D.C. Public Charter School Board
Board Meeting Minutes
Carlos Rosario International Public Charter School
1100 Harvard St., NW
Washington, DC 20009
April 23, 2012
Board Members in attendance: Mr. Brian Jones (Chair); Mr. John “Skip” McKoy; Mr. Don Soifer; Ms. Emily Bloomfield; Dr. Darren Woodruff; Mr. Scott Pearson (ex-officio)
Mr. Brian Jones called the public hearing to order at 6:38pm
School Oversight Committee- Request for Charter Amendment- Excel Academy Public Charter School
Representatives- Kay Savage, Founder and CEO; Lela Johnson, Principal; Nikki Ayanna Stewart, Academic Dean
Ms. Rashida Kennedy from Staff introduced Excel Academy’s request to amend their charter to adopt the Core Knowledge curriculum before the Board.
Ms. Nikki Stewart said that they are requesting changing to Core Knowledge because they were at the table during the writing of the Common Core Standards, and feel that this curriculum is much better aligned with those standards, which they are adopting.
Dr. Darren Woodruff asked if this curriculum is used in other places.
Ms. Nikki Stewart said that it is used nationwide.
Mr. Brian Jones thanked the representatives and said the Board will vote on this at a subsequent time.
Hearing on Proposed Board Policies- Charter Amendment Policy, Data Submission Policy, Revision to Performance Management Framework Guidelines
Mr. Brian Jones asked that anyone who wants to comment on the proposed policies to come up and make a public statement.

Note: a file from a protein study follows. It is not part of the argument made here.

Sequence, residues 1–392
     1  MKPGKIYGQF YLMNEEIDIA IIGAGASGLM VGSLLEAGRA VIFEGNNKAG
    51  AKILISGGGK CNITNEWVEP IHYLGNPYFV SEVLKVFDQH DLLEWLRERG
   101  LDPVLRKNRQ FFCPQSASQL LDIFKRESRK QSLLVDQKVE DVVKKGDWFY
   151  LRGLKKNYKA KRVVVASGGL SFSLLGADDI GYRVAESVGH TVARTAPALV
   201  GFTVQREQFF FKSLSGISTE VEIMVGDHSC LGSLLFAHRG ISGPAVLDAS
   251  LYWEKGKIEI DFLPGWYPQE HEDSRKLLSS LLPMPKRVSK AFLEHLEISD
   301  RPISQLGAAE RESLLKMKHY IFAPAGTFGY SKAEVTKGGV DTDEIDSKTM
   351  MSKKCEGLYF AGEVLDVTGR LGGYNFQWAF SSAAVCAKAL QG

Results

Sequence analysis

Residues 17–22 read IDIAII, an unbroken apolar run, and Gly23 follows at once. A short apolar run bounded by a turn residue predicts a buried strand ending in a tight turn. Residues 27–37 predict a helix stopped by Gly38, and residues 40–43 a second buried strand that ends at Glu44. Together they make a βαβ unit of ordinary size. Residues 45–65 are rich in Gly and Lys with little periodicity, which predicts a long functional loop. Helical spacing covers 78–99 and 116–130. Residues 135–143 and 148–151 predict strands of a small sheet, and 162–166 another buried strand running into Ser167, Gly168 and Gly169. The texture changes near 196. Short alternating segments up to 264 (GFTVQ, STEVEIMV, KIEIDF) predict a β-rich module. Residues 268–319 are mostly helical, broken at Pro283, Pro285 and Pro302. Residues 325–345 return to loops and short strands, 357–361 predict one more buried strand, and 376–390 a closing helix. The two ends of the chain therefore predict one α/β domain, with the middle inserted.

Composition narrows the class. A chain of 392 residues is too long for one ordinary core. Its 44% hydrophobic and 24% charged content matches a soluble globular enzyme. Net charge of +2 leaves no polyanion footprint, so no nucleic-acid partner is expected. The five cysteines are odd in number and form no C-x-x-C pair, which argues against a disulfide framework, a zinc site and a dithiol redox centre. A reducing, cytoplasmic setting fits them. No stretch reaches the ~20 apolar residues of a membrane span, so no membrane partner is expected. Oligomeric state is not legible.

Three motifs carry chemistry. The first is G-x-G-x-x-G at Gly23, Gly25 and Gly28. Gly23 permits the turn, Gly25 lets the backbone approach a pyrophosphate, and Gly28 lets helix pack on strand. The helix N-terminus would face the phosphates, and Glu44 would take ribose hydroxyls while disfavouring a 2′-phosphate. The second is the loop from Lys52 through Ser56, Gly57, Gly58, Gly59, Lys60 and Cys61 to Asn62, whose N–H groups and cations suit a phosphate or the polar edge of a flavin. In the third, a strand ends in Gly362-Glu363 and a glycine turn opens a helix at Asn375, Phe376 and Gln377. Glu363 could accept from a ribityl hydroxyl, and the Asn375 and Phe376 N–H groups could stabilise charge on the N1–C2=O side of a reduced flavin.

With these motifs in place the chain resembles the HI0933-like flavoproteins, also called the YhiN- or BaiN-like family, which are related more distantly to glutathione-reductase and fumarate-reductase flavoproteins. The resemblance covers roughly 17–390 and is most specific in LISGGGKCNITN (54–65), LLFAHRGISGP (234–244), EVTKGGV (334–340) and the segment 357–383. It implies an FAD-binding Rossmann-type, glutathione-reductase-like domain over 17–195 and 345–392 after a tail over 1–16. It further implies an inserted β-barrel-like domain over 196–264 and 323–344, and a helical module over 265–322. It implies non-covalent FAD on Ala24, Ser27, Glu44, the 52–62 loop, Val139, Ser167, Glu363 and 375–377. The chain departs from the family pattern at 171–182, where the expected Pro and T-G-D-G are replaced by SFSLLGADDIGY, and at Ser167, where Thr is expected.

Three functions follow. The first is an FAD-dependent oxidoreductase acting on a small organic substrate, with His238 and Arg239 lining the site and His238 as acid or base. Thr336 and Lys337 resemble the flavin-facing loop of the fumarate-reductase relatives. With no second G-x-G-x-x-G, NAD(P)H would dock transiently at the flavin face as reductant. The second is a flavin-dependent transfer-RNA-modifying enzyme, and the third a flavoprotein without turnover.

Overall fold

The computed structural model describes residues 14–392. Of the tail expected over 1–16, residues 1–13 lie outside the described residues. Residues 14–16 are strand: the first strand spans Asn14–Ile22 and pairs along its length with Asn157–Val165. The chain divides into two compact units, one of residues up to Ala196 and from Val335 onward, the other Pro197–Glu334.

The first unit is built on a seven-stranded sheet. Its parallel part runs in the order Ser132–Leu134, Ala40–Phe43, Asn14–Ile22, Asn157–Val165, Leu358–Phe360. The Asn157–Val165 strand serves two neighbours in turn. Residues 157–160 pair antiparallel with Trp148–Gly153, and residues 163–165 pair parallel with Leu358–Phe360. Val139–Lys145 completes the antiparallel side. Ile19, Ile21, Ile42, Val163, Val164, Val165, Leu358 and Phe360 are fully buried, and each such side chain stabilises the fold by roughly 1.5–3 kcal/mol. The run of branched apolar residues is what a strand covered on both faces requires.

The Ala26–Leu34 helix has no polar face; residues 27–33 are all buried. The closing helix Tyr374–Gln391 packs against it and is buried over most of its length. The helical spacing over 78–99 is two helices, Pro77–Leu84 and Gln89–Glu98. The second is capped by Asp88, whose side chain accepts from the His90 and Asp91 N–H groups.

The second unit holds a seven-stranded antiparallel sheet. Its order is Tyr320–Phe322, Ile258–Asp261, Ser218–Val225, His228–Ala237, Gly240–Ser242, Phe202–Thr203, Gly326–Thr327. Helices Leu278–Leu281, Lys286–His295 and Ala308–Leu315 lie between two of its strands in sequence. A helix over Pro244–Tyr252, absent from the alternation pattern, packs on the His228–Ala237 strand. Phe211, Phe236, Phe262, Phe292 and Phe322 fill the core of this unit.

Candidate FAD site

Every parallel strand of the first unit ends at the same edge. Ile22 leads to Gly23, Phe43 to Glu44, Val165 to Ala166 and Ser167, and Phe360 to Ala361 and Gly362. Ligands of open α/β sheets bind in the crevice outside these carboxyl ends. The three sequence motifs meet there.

Seeing no one, Mr. Brian Jones closed to public comment.
Public hearing adjourned at 6:46pm
Mr. Brian Jones called the public meeting to order at 6:48pm
Acknowledgement of Public Officials
No elected officials were present.
Approval of the Agenda
Mr. Brian Jones asked to add an item to the agenda. He asked that the Board vote on Excel Academy’s charter amendment and asked for any objections. Hearing no objections Mr. Brian Jones asked for a motion to approve the agenda for the evening. Dr. Darren Woodruff moved the motion and Mr. Don Soifer seconded. The motion passed unanimously.
Approval of the Minutes from March 12, 19, and 20
Mr. Brian Jones asked for a motion to approve the minutes from March 12, 19, and 20. Mr. Don Soifer moved the motion and Mr. Skip McKoy seconded. The motion passed unanimously.
Mr. Brian Jones read the contracts for January 2012 for more than $25,000 that were received by the PCSB and were read and accepted into the record.
Approval of Proposed Board Policies- Charter Amendment Policy, Data Submission Policy, Revision to Performance Management Framework (PMF) Guidelines
Mr. Brian Jones asked for discussion among Board Members.
Dr. Darren Woodruff asked for a brief summary of each proposal.
Mr. Brian Jones introduced Ms. Naomi DeVeaux from Staff who summarized the proposed revision to the PMF guidelines.
Mr. Brian Jones asked for a motion.
Dr. Darren Woodruff moved to approve the policy and Mr. Skip McKoy seconded. The motion passed unanimously. Mr. Brian Jones entered Ms. Sara Mead’s aye vote by proxy.
Ms. Naomi DeVeaux summarized the charter amendment policy.
Mr. Brian Jones asked if Ms. Naomi DeVeaux could give a sense of how many comments we have received on these proposed policies.
Ms. Naomi DeVeaux answered that for the PMF guidelines we received one comment, for the proposed charter amendment we received three, and for data submission we received fifteen.
Mr. Skip McKoy moved to accept the policy and Dr. Darren Woodruff seconded. The motion passed unanimously.
Ms. Naomi DeVeaux next introduced the data submission policy.
Mr. Brian Jones asked for a motion.